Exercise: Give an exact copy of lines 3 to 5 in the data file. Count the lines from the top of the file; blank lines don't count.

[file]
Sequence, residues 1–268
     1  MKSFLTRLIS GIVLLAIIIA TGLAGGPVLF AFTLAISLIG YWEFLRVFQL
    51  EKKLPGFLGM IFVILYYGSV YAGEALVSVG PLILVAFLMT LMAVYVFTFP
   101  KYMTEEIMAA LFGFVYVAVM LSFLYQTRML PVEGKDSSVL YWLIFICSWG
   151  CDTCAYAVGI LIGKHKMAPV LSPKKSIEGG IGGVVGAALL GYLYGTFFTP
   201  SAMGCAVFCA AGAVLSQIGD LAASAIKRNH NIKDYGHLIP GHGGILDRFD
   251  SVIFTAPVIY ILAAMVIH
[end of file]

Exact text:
    51  EKKLPGFLGM IFVILYYGSV YAGEALVSVG PLILVAFLMT LMAVYVFTFP
   101  KYMTEEIMAA LFGFVYVAVM LSFLYQTRML PVEGKDSSVL YWLIFICSWG
   151  CDTCAYAVGI LIGKHKMAPV LSPKKSIEGG IGGVVGAALL GYLYGTFFTP